MAC address confusion
oberman at es.net
Mon Mar 2 19:31:19 CST 2009
> Date: Sun, 1 Mar 2009 00:40:00 +0200
> From: Saku Ytti <saku+nanog at ytti.fi>
> On (2009-02-28 22:38 +0100), JAKO Andras wrote:
> > > http://standards.ieee.org/regauth/oui/oui.txt
> > > 02-07-01 (hex) RACAL-DATACOM
> > After enabling DECnet routing, the interface MAC address turns to
> > something like this:
> > Hardware is BCM1250 Internal MAC, address is aa00.0400.0a04 (bia 000b.bffd.fc1a)
> > AA-00-04 (hex) DIGITAL EQUIPMENT CORPORATION
> > in the list. I don't know what 02-07-01 is, but I guess that could be
> > something similar: The OUI belongs to a company, but they don't use the
> > addresses to burn them into interface cards.
> I guess you shouldn't be able to assign 02 (or AA) to a company for ethernet
> number, much in the same way you shouldn't be able to assign RFC1918.
> However you are right, it seems that these are unexplained exceptions to rules:
> 'some of the known addresses do not follow the scheme (e.g., AA0003; 02xxxx)'
> Would be interesting to see what are the historical reasons.Perhaps they simply
> predate the scheme or some might not even co-exist in ethernet network to begin
> with, in which case they might be better documented elsewhere.
> In any case, to avoid collision with history, better start with 06 which
> seems cruft free, instead of 02, when choosing local MAC address prefix.
> As a side note, the 40 prefix used as local MAC in IXP here, seems to be
> just mistake in assuming ethernet follows tokenring in numbering scheme.
OK. Time for a history lesson.
In the olden days, Xerox, the company that made the first Ethernet and,
in a consortium with Digital and Intel, developed the first public
standard for Ethernet. (This was referred to as the Blue Book or the DIX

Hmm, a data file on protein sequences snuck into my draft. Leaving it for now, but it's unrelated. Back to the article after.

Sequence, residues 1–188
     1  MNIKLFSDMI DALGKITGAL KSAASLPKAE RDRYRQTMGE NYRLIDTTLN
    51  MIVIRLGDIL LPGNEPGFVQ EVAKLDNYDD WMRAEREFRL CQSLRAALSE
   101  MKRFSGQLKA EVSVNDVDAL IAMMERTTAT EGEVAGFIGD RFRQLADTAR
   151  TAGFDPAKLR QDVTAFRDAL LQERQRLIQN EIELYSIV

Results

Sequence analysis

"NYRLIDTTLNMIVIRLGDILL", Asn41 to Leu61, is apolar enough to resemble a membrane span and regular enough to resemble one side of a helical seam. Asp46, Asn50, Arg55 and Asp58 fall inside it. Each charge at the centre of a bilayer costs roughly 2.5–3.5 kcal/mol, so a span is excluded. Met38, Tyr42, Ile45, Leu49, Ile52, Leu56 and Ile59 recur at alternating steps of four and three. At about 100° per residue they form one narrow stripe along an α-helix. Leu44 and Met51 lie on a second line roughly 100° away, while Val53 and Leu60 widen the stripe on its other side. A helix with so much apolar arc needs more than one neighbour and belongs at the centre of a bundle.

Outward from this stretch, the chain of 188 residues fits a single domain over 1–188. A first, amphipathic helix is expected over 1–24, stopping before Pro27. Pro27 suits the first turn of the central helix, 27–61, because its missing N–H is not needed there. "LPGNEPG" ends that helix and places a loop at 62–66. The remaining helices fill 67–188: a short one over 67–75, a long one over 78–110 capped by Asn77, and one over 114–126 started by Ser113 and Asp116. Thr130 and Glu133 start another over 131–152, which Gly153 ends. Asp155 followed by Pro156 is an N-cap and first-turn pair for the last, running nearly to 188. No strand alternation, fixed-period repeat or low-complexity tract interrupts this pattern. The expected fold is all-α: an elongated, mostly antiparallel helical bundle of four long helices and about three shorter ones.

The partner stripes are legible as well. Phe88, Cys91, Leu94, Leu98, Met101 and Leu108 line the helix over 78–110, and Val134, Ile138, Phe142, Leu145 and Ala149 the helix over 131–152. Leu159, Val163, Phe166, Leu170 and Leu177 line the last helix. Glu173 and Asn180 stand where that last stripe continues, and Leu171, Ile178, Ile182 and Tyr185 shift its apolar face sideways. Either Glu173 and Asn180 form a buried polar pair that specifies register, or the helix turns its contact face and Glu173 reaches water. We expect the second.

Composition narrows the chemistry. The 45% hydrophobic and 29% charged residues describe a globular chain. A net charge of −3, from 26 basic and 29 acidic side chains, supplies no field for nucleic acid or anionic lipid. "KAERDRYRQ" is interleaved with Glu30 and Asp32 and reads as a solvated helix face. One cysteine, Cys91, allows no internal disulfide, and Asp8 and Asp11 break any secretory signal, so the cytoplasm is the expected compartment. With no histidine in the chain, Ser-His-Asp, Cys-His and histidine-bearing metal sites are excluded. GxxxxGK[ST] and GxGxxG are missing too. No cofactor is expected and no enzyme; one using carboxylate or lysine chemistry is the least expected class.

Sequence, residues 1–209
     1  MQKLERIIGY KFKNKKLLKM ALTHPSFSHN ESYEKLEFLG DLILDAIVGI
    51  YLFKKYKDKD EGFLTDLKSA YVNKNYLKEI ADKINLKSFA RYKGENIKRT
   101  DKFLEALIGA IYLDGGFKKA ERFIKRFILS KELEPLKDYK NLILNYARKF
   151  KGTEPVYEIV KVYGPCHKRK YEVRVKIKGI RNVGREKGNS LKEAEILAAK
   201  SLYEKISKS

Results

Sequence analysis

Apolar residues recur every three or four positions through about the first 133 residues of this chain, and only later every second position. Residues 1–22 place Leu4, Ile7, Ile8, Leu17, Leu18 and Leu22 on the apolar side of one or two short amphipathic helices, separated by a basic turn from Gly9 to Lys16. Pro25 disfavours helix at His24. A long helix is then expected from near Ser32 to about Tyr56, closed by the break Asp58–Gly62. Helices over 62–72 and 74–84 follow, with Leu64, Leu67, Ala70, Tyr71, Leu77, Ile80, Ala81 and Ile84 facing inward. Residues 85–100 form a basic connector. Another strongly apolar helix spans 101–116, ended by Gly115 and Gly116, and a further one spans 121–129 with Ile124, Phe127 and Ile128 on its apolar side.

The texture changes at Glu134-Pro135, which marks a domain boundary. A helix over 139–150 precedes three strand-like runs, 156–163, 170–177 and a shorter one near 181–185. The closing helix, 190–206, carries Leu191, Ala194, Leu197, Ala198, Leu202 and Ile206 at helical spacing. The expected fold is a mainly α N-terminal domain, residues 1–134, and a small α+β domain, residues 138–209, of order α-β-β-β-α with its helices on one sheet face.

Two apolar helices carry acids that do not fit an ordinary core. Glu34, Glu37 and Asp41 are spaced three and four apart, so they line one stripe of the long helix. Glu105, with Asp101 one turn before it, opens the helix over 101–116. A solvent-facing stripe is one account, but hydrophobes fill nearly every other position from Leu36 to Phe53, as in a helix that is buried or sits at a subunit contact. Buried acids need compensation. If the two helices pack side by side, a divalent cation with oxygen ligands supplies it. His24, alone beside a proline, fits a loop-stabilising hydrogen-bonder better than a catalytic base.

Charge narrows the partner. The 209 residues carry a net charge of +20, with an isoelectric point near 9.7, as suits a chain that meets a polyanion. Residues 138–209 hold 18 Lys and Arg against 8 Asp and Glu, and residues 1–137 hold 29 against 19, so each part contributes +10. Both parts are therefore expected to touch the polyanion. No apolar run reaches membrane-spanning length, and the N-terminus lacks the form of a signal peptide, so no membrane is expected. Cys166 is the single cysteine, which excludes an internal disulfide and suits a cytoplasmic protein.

At the time, the Ethernet networking schemes all assumed that the MAC
address would be changes to embed the network address. This would allow
hosts to know the MAC address of any other system running the same
protocol. XNS and DECnet both did this and registered the locally
assigned prefix that they would be using. This seemed quite reasonable
at the time. Several companies registered the OID they were going to use
for their networking systems as well as the hardware ones. This assured
that no two hosts would have locally assigned address.
Then along came IP over Ethernet and ARP. IP won the protocol battle
(pretty easily) and the concept of dong MAC to host mapping via a
protocol like ARP or NDP became the norm. But the OIDs for several
protocols were already in the registry when it was turned over to the
IEEE after 802.3 was ratified. IEEE agreed to retain existing
registrations and they have remained there.
The scheme was actually not a bad one, just one that never really caught
on for modern networking.
R. Kevin Oberman, Network Engineer
Energy Sciences Network (ESnet)
Ernest O. Lawrence Berkeley National Laboratory (Berkeley Lab)
E-mail: oberman at es.net Phone: +1 510 486-8634
Key fingerprint:059B 2DDF 031C 9BA3 14A4 EADA 927D EBB3 987B 3751
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